Just last fall tailback Chris Butler was contemplating giving up the game while defensive end Jay Ratliff was trudging away as a third-team tight end. Now both are firmly planted in the two-deep depth chart with Butler the top backup to Carnell Williams and Ratliff a first-teamer at left defensive end.
While Butler is among the names at the deepest position on the Auburn offense in 2002. Ratliff is being counted on heavily this fall to step up and take over the job at a position with the least experience on the defense. There are just three defensive ends with college playing experience on the 2002 Auburn football team.
In addition to junior Reggie Torbor and sophomore Bret Eddins plus junior Dexter Murphy, who moved there from defensive tackle, nobody with playing time at the position returned for the Tigers this fall. That meant Ratliff had to grow up and learn in a hurry. His position coach, Terry Price, says that is just what he has done to this point.
"He's made some progress," Price says. "I'm proud of him. He's a guy that obviously was behind because he missed all spring. He only practiced about three or four days, but he put it on himself to work hard. He's worked his butt off this fall. He's gotten a lot better. We're proud of him. I think he's really stepped up and earned the right to run with the first team."
Ratliff's development and the defensive end position as a whole would be in serious trouble if Torbor wasn't around. A former tailback turned defensive end, Torbor has excelled this fall not only on the field but in the huddle and defensive meetings where he has become the unquestioned leader of a group searching for guidance.
"He's been tremendous," Price notes. "I walk in my meeting room and he's the one guy that's really battle tested, that has played in this league. You have to play at least four and sometimes five guys so without his leadership this group would really, really struggle, but I think he's the guy that's going to push this thing through. He's another coach on the field for me. He's another pair of eyes. He does a great job policing some of these young guys to make sure they're doing the right things."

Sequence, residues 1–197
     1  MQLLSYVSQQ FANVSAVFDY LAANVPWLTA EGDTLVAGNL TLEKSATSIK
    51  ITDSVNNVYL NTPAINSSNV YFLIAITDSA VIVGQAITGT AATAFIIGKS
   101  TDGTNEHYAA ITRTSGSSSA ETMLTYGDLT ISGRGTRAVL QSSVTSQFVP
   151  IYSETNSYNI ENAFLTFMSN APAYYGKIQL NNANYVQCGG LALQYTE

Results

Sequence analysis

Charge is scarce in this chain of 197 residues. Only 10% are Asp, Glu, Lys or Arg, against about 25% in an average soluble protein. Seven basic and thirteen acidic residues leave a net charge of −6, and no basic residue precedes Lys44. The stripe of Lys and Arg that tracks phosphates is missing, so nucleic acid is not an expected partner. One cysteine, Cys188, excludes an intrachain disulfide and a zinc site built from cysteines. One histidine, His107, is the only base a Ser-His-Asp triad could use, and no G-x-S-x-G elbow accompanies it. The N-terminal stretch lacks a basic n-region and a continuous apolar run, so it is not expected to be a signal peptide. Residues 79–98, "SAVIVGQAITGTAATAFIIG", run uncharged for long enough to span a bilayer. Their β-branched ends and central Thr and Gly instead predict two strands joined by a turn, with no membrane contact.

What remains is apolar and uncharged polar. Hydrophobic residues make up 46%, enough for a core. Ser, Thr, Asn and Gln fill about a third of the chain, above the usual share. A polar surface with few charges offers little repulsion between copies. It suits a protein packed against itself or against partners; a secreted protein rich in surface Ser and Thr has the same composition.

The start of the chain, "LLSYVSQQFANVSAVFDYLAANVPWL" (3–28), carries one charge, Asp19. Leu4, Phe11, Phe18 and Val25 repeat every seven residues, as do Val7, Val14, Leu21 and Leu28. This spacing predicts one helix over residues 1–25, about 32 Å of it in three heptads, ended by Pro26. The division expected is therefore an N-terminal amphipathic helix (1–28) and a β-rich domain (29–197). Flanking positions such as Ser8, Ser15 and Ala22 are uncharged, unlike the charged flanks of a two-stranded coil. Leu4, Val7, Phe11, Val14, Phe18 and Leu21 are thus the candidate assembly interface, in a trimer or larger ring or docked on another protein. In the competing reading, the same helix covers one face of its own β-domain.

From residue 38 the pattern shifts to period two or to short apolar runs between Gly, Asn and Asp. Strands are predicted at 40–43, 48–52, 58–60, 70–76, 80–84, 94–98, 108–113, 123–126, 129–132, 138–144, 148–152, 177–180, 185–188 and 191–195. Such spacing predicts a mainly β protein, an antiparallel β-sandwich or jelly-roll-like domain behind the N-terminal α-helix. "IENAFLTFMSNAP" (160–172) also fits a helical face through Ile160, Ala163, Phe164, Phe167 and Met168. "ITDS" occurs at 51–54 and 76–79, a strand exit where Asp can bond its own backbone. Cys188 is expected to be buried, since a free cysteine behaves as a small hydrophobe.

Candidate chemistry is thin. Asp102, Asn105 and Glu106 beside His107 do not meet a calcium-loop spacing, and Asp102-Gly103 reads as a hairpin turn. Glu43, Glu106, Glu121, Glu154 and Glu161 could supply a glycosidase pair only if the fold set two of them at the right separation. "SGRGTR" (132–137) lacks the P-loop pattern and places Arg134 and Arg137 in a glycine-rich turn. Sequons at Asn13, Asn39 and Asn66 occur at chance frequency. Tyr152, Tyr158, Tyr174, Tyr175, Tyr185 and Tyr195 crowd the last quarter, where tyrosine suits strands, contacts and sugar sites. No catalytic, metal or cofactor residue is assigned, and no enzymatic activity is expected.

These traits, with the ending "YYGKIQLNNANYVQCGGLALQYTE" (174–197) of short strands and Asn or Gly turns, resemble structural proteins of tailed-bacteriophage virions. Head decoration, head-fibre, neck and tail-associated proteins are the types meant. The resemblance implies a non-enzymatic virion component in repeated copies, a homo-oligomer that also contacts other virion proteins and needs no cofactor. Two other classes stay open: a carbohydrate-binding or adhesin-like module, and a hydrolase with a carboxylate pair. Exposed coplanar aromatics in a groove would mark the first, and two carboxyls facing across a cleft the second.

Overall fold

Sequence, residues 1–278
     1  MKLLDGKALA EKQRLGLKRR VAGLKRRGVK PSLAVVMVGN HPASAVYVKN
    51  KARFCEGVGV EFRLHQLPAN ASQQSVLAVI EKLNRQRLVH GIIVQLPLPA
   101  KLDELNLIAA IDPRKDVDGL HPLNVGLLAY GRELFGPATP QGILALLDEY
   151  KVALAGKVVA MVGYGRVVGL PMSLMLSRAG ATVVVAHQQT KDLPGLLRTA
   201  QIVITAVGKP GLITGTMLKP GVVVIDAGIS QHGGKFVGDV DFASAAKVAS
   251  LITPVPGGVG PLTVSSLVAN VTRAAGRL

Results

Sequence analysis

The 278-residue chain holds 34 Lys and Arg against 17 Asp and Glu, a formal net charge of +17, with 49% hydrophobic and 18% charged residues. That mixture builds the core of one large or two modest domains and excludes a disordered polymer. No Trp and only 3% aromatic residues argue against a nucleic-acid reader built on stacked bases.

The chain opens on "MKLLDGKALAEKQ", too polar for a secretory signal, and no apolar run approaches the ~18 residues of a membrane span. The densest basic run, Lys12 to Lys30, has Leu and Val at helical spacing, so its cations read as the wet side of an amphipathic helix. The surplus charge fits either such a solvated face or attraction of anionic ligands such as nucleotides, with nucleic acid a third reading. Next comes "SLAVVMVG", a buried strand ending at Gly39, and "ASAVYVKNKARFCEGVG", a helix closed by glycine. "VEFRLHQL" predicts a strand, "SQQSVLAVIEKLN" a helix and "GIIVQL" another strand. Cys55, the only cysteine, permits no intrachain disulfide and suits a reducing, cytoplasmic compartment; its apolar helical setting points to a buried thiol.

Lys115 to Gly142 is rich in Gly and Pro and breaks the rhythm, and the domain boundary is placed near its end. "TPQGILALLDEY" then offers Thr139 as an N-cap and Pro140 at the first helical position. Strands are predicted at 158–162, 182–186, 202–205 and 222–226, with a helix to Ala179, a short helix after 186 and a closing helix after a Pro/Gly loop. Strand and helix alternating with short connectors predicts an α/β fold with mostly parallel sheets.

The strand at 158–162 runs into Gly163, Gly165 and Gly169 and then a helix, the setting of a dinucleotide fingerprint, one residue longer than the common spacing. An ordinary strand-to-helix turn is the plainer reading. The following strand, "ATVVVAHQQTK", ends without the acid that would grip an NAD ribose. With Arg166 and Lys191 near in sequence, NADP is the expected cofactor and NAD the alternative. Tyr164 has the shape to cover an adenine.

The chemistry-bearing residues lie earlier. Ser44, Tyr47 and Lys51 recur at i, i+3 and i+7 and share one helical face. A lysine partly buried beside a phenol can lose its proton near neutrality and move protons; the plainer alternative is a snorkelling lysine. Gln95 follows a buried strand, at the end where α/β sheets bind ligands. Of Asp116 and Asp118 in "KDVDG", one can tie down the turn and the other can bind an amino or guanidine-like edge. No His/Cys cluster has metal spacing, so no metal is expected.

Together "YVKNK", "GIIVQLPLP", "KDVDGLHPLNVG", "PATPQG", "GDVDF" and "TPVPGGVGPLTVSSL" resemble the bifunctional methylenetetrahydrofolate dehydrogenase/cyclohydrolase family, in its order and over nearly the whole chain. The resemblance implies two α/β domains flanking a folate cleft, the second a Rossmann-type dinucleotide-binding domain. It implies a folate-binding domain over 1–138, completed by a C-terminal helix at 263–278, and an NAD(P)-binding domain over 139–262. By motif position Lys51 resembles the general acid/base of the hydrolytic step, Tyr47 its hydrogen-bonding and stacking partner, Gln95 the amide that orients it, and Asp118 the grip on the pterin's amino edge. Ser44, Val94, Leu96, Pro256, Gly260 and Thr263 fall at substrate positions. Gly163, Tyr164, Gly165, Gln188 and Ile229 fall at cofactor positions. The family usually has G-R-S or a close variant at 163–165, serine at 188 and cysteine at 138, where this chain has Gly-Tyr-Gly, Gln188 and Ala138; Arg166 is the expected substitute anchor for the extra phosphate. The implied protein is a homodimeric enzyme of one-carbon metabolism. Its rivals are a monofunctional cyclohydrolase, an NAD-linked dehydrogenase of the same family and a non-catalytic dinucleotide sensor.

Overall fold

On the opposite side of the football, the offensive line is still a concern as tackle Mark Pera remains out with a hip injury, but should return later in the week. That means he should be ready to play on Sept. 2. However, if he can't go redshirt freshman Steven Ross has shown this fall that he's ready for a chance to show the world what he can do. One of three freshmen listed as second-team right now on the offensive line, Ross has caught the eye of at least one very influential admirer.
"Steven has done a great job," head coach Tommy Tuberville says. "He has learned a lot with this extra practice time he's getting with the first team. Marcus McNeill--we want to get him in at strong guard. I think he's made a lot of improvement. Even though he did miss three days he knows a lot about the offense. He's a big body and it's easier to play inside at guard than it is tackle. Ryan Broome will get some playing time at tackle and Troy Reddick has come a long way. They just need playing time, need to learn. We'll just have to wait and see how things go."
Waiting to see how things develop has been the life story for Butler. As a running back, that is what his assignment is. He watches to see how a hole develops and decides the right moment to make a sizeable gain. That has also been a story in Butler's life. After starting his football career at the University of Nebraska, Butler returned home to try his hand at Auburn as a walk-on.
Following a redshirt year in 2000 when he earned a scholarship, Butler almost gave up the game last fall as he battled injuries plus concern about ill family members back home in the Birmingham area. Those were issues that he needed to come with grips with before he came back to the game he loved. Now he's back and ready to make the most of his second chance.
"That's just football for you," Butler says. "In life you have ups and downs, you have good times and you have bad times. Near the time when I left I was going through some things at that time. When I came back I was welcome with open arms and it has been great since that point. Good things come to those who wait and I hold true to that. I think God has a way of doing things. You can't always rush things yourself, but I think if you're just patient your time will come. That opportunity is here and I'm most definitely going to take advantage of it."